Articles Tagged with digital estate planning

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digital-assets-fullimage-new-209x300As of January 1, 2017, California has a new law (The Revised Fiduciary Access to Digital Assets Act) that allows executors and trustees to gain disclosure of a person’s digital assets after the original user’s death under certain conditions. This is a good thing because, until now, federal and state law on digital access for executors and trustees made it difficult for executors and trustees to get such disclosure without a court order. Twenty other states have passed similar legislation but, of course, as is often the case, California’s version is slightly different than the model legislation it is based on.

Attempts to pass state laws to make such disclosure easier (in California and in other states as well) ran into difficulties as laws drafted by lawyers (who wanted to make it easy for executors and trustees to gain access to digital assets simply by virtue of the fact that they were executors or trustees) ran into opposition from privacy advocates (like the ACLU) and service providers/tech companies (like Google, Facebook, and Yahoo), who wanted to protect the privacy of deceased users from such disclosure without their consent and who pointed out that any disclosure without such consent violated federal law.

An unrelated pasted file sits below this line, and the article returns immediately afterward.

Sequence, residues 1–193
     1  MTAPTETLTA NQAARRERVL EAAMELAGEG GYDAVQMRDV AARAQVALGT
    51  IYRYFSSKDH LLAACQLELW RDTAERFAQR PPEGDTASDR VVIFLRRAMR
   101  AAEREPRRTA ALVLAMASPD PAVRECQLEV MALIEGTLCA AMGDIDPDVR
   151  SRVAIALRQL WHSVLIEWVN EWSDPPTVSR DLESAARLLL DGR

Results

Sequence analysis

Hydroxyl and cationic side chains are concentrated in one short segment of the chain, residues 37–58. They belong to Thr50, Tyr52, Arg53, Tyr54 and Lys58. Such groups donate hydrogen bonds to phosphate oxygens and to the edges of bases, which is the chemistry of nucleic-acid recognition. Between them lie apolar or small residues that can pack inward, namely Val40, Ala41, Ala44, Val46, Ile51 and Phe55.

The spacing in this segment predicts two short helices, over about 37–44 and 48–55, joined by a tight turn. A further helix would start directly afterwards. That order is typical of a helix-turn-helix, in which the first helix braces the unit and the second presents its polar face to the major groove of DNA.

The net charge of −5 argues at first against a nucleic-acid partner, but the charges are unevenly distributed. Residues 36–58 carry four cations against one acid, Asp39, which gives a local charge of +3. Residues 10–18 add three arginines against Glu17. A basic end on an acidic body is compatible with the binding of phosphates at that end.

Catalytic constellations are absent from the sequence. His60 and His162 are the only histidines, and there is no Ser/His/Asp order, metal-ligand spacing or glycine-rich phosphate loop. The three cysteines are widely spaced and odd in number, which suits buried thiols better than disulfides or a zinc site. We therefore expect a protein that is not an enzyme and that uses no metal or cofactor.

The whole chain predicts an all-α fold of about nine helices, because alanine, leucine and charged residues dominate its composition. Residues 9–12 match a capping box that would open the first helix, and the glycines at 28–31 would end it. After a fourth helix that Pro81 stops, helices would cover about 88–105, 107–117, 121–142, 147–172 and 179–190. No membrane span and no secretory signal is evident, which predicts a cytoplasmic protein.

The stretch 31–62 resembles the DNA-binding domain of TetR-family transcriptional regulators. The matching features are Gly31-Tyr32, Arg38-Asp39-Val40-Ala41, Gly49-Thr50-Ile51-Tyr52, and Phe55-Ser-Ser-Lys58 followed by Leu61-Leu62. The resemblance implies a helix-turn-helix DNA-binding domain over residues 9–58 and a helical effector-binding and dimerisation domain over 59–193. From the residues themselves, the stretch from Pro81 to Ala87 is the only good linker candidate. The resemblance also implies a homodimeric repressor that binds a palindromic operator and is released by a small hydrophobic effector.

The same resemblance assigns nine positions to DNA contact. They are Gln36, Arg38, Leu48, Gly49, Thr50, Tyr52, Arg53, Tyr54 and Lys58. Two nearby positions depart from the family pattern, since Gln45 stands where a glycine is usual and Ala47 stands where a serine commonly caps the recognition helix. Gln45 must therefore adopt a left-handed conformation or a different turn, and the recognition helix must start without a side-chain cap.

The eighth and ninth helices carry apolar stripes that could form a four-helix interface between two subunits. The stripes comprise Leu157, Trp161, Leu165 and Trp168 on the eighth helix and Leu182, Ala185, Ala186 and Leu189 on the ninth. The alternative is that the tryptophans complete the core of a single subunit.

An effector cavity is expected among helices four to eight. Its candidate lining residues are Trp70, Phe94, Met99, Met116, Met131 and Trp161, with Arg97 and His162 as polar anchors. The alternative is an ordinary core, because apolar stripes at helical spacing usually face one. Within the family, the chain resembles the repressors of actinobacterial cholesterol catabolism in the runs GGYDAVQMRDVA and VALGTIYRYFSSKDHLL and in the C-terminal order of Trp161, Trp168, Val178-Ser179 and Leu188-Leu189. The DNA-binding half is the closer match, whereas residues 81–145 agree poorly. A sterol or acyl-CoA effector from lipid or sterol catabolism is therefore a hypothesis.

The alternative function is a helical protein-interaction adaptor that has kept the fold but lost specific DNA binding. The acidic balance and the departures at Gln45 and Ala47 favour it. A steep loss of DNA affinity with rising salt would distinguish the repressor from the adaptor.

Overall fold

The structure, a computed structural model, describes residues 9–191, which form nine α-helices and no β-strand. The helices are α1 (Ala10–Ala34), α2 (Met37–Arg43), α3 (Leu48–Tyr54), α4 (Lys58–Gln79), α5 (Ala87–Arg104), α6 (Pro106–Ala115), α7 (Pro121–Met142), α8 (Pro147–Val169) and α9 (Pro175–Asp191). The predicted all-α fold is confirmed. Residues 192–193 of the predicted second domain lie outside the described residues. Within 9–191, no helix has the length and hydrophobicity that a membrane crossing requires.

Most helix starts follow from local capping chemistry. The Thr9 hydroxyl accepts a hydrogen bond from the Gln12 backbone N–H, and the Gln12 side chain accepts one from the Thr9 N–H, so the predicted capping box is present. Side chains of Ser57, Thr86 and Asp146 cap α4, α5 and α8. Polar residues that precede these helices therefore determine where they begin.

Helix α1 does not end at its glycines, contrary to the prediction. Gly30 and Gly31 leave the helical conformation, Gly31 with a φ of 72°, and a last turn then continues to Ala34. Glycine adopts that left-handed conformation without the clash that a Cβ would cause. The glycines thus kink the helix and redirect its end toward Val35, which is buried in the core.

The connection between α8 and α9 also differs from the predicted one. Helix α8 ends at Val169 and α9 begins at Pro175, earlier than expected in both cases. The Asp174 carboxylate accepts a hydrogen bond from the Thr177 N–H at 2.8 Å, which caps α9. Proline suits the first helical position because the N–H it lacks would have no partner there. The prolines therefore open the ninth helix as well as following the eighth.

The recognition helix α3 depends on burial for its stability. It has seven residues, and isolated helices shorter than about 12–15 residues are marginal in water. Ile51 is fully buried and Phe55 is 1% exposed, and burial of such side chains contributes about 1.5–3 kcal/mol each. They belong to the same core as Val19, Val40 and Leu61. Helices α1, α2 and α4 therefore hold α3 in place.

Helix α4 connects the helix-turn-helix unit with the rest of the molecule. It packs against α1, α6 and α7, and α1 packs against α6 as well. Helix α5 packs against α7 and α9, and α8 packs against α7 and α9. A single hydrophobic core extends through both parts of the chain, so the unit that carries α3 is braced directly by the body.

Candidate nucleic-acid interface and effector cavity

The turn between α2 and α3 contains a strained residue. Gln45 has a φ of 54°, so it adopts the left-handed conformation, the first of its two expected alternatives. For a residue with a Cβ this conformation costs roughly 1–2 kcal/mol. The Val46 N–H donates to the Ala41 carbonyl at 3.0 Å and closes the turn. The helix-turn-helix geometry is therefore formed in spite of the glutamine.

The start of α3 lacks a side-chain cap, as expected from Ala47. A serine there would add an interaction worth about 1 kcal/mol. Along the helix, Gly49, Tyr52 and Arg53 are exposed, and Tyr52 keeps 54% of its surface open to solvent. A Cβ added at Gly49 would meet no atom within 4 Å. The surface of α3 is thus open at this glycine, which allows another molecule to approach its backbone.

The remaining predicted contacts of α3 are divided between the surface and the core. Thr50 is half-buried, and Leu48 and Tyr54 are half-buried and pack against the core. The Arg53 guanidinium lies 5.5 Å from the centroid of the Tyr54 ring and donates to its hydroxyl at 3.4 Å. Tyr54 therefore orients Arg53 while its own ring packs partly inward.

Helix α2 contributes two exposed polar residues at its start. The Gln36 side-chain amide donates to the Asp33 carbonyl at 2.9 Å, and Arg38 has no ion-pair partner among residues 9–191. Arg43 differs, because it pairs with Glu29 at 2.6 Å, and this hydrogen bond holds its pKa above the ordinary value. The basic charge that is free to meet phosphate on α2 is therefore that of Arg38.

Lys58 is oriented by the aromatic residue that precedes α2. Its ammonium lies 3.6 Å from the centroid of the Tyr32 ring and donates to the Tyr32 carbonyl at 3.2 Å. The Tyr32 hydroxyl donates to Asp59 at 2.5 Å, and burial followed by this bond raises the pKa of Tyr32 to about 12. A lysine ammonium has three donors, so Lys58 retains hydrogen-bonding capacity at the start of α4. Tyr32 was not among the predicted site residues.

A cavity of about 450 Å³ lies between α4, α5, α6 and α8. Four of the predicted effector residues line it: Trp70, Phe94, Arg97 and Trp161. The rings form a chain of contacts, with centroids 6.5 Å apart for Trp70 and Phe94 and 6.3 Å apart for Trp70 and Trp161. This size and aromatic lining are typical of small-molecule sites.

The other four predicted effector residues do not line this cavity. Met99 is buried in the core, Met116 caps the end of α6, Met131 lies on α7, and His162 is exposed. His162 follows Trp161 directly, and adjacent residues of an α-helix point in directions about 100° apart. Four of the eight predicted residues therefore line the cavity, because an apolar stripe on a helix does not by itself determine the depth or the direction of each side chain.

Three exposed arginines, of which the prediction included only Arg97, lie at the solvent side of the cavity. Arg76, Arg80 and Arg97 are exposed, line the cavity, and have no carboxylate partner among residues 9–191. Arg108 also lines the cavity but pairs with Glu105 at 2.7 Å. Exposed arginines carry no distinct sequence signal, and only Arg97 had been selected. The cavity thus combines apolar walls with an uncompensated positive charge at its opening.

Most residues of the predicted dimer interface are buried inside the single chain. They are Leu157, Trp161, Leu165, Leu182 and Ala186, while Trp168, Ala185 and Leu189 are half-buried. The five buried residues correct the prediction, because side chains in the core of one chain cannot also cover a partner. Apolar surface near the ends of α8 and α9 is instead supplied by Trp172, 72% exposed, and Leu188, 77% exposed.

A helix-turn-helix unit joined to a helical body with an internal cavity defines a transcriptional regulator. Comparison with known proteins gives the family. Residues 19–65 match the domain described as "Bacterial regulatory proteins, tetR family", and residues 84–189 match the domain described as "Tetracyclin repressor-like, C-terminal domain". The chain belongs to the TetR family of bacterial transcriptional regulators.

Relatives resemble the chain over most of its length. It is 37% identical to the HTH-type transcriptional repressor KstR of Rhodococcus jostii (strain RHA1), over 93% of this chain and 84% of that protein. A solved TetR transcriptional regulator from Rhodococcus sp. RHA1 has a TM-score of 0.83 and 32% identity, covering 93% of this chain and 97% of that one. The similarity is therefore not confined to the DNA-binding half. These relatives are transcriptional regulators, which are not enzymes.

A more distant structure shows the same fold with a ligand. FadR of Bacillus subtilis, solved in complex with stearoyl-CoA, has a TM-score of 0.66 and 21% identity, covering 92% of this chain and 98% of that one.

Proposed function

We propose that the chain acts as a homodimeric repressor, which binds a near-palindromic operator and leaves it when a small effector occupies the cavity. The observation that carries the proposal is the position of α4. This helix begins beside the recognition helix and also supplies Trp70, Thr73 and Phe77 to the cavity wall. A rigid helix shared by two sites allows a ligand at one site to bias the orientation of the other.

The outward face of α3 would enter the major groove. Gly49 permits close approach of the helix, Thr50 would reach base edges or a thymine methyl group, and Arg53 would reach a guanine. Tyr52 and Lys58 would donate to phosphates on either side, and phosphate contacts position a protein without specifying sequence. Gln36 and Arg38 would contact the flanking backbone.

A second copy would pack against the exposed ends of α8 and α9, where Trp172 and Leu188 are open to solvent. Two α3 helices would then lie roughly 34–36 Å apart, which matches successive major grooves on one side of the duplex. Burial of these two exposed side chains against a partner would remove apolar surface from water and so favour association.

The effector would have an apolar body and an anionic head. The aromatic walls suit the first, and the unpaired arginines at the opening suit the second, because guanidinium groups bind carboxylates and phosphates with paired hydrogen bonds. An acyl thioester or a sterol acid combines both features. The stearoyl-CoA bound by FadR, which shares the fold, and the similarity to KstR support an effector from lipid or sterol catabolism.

To read more about the legal issues involved and how content providers are (or aren’t) providing online tools to record your consent and to get a digital inventory form that you can use to catalog your digital assets and record your passwords and usernames, download an Ebook that I wrote, Estate Planning for Digital Assets, at my website, www.lizahanks.com .

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digital_assets_estate_planningI’m thrilled to announce the release of my first in a series of e-books on estate planning that are designed to provide you with practical answers to real-life questions. This one is on Estate Planning for Digital Assets, and you can download it for free from my website.

This e-book is for anyone who has digital assets (email, photos, a blog, a Facebook page, Google Docs , and so on) and wants to learn about the best way to provide, or deny, access to these assets as part of a comprehensive estate plan.

It turns out that the traditional model of estate planning, which is to appoint someone to act for you after death, just doesn’t translate well to the digital realm, where terms of service contracts and federal law require an individual to provide consent before anyone else can access their digital assets.